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TULLY
by Howard Schumann

Based on a short story by O. Henry prize-winning author Tom McNeal, Tully, by first-time director Hilary Birmingham, is a subtle portrait, set in a sleepy farm community somewhere in Nebraska, of a family whose past shows up without warning, shattering the trust and unity that had been built over the years. Originally called The Truth About Tully, the film won praise at the 2000 Toronto Film Festival, but lost several distributors to bankruptcy and had to wait two years until it achieved a limited release last November. Its current release on DVD gives us a chance to see what we've missed.

Rancher Tully Coates, Sr. (Bob Burrus) mourns the death of his wife while struggling to raise two sons and keep up his farm. Coates keeps a lid on his feelings, and no one suspects the powerful secrets he has hidden. Burrus is perfect as the weathered old farmer who has forgotten how to enjoy life and only smiles at Claire (Natalie Canerday), the clerk at the local convenience store. His two sons are very different, but both are good hearted. Tully Jr. (Anson Mount) is a macho ladies' man who seems unwilling to make commitments, content to skim along on the surface of life. His brother Earl (Glenn Fitzgerald) is withdrawn and shy with girls, a movie buff who spends his days going to the cinema or preparing his steer for the County Fair.

Into this mix comes Ella Smalley (Julianne Nicholson), just home from college to do an internship as a veterinarian in a local hospital. She hangs out with Earl, but wants to be friends with Tully. Nicholson's performance is amazing, bringing an intense authenticity to her role. Tully, meanwhile, is pursuing April (Catherine Kellner), a stripper who refers to what she does as burlesque but senses the possibility of something more than friendship with Ella.

There is not much dialogue, but the action does not require much. When feelings become troublesome, each escapes to their own place where they can be alone. Ella goes to a swimming hole, Earl goes to the movies, and the father parks his truck and downs a six-pack. When bits and pieces of a family secret begin to be revealed and the farm is threatened with foreclosure, events force Tully to face the realities that the term "coming-of-age" implies. The film moves at a languid pace for most of the time but builds toward an emotional climax, as the lazy summer is jarred by an unexpected event, changing lives forever.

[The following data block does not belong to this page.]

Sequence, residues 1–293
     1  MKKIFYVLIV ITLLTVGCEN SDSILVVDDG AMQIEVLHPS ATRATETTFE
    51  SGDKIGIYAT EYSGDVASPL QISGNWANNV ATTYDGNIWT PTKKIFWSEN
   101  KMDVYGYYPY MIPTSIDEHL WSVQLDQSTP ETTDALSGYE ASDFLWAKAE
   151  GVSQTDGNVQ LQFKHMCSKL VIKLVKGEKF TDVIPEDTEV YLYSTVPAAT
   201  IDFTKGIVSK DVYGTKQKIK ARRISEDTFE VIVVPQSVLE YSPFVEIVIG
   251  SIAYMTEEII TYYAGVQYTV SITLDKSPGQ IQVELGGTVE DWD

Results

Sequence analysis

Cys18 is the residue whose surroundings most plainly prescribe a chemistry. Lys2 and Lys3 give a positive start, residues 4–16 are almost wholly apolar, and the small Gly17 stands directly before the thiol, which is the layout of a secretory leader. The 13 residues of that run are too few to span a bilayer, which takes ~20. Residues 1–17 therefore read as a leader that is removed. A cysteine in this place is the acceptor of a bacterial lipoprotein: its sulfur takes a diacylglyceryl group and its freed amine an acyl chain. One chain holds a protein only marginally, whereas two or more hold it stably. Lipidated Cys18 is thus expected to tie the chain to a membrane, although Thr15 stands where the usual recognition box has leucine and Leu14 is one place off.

The people in Tully are not the small town yokels of movie clichés. They are smart and sensitive, and not the least bit cool or cynical. Probably too wholesome for many who prefer their role models to be a bit more jaded, these people talk to each other with dignity and respect, and I cared about them. In lesser hands, Tully could have become the stuff of soap opera, yet guided by Birmingham's sure direction, it goes straight to the heart.

We don't hear much about Swiss film, but Alain Tanner (La Salamandre, Jonah Who Will Be 25 in the year 2000) was once the brightest light in the New Swiss Cinema, a movement that owed its allegiance to Brecht, Bresson, and the French New Wave. Considered one of the best of his later works, Messidor (1979) is an original, unpredictable, and disturbing film about two alienated young women in search of freedom from society. The film, in its poetic sweep, is reminiscent of Terrence Malick's Badlands and could have been a prototype for Thelma and Louise.